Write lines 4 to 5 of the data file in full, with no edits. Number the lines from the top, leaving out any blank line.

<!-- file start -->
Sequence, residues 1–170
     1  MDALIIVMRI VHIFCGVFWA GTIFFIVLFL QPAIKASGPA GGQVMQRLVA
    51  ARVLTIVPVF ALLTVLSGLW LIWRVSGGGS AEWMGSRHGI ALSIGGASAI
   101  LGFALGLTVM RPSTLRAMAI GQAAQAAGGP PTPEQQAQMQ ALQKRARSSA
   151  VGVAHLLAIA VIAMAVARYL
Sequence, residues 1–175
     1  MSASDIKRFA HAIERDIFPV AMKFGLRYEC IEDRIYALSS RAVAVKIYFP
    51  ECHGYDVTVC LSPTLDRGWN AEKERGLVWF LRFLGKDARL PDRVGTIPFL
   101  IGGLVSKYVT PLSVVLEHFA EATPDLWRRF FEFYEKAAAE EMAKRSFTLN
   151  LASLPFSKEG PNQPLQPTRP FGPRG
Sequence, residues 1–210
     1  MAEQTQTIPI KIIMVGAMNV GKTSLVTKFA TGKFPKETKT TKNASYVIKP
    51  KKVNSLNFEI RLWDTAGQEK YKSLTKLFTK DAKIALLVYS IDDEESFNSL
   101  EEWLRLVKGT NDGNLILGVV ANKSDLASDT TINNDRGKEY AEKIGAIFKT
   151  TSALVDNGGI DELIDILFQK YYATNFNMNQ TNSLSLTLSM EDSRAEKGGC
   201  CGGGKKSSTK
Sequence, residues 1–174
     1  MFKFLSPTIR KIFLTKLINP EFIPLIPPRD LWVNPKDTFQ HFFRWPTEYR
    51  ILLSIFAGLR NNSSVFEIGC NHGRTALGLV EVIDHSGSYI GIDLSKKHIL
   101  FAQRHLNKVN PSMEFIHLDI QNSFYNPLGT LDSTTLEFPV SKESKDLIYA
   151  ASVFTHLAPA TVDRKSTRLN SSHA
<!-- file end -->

   101  LGFALGLTVM RPSTLRAMAI GQAAQAAGGP PTPEQQAQMQ ALQKRARSSA
   151  VGVAHLLAIA VIAMAVARYL